Historian's Notebook

The Blizzard of 1888

Monday morning March 12, 1888 began as any other winter workweek back then in Cohoes. But overnight the temperature had plummeted, and overhead, as Cohoesiers hustled along the icy paths, ominous dark clouds prepared to release their burden of snow. Nature was setting the scene for an event that would test the resiliency of this hardworking community.

As the morning progressed, gentle snowflakes turned into icy darts propelled by escalating winds. At mid-morning, in the West Harmony Elementary School on Mangam St., Principal Lillie Bowman exercised her authority and excused all of the children, along with her 11 assistants. Although no communication existed among the dozen or so schools throughout the city, all other schools closed by noon as well. All local forms of transportation became paralyzed by the end of the day. The horse-drawn railroad schedule, with travel at half-hour intervals to Lansingburgh, Troy, and Waterford, soon deteriorated. The Waterford Green Line ceased operation by noon. Trips to and from Lansingburgh and Troy continued at random as teams of men valiantly shoveled snow away from the tracks, but eventually to no avail; by three in the afternoon they had abandoned their task. Two young men, stranded in Lansingburgh, foolishly decided to walk to their homes on Younglove Ave. Collapsing in exhaustion as they climbed the High St. hill, they were rescued by the patrons of Jennings High Street Saloon and brought in to be "thawed out." One of the young men's hands was severely frostbitten.

Jesse Fonda, a farmer living outside the city, was determined to deliver milk to his grocery customers. With four cans of milk strapped to his sled, he set out in the blizzard. He slogged down Mohawk St., and arrived with his cargo at the corner of Remsen and Oneida Sts. However, he miscalculated a turn and a runner of his sled struck a snowbank, and capsized in a drift. The snow quickly absorbed the day's profits.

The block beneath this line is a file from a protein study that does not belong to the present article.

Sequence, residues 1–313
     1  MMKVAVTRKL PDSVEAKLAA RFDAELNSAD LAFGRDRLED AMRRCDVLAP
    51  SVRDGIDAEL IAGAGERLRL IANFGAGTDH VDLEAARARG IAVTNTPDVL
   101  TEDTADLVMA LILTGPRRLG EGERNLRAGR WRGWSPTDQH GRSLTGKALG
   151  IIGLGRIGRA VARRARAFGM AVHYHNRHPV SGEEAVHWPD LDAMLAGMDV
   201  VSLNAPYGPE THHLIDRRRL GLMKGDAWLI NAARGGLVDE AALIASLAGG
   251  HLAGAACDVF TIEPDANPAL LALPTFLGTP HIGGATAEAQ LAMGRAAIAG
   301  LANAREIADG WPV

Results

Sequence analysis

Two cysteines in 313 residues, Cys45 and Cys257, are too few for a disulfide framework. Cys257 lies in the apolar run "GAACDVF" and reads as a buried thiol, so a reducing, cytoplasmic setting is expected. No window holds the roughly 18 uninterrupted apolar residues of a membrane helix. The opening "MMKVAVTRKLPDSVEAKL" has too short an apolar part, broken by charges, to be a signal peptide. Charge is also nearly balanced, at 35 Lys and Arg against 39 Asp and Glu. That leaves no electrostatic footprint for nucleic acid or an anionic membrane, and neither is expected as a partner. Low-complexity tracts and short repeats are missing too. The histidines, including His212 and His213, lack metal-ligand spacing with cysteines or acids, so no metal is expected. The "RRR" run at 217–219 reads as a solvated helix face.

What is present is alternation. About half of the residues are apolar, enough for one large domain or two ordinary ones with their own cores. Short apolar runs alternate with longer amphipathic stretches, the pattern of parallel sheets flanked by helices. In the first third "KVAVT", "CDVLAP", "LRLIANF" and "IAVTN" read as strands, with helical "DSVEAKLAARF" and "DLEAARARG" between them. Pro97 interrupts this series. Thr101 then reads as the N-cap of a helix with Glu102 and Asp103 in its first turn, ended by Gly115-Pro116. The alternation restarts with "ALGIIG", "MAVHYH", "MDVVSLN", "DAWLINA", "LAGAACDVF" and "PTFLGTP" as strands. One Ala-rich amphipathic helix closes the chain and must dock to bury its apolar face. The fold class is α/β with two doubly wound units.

As Monday evening arrived, Cohoesiers were hunkered down in their homes, never expecting the storm to continue for another thirty hours and deposit close to four feet of snow. Tuesday, the second day of the blizzard, saw a few sturdy souls head out for work; very few reached their duties. Two knitting mils, the Anchor Mill and the Victor Mill, started. With so few operatives on hand, and ice clogging the water wheels, production came to a halt. The Harmony Mills, despite having only one-third of their workforce on hand, still operated a full day. Late in the afternoon, with the snowfall approaching three feet in depth, the hands were sent home.

Just before dawn on Wednesday the 14th the snow stopped. Large drifts settled everywhere. Cataract Alley was blockaded by a mountain of snow, the old firehouse obliterated. The two lampposts in front of St. Joseph's Church were covered by a huge drift. Mrs. Lamb's bay window facing Howard St. was completely covered, along with much of that side of the house. Tunneling out of their residences, the resilient Cohoes workforce went to their jobs. The mills ran at full capacity on that day, as the operatives knew well "no work - no pay." Meanwhile, gangs of men set to work clearing the roads, tracks, and sidewalks. Three days later, on St. Patrick's Day, the annual parade assembled mid-morning, followed by a day of celebration, with little attention paid to the accumulated snow.

One week later, the frozen body of Henry Bumgart, the only casualty of the storm, was extracted from a snowdrift near James St. Late on Monday the 12th, Henry, while walking home from his job in Green Island, collapsed in exhaustion 300 yards from his lodging and subsequently froze to death.

It was "the largest storm ever seen in these parts", dumping 46.7" of snow, a three-day record that still stands. Over the years, the storm has assumed legendary proportions; in Cohoes, except for the tragic death of Henry Bumgart, the storm seemed just an inconvenience.

Walter Lipka

Spring 2003

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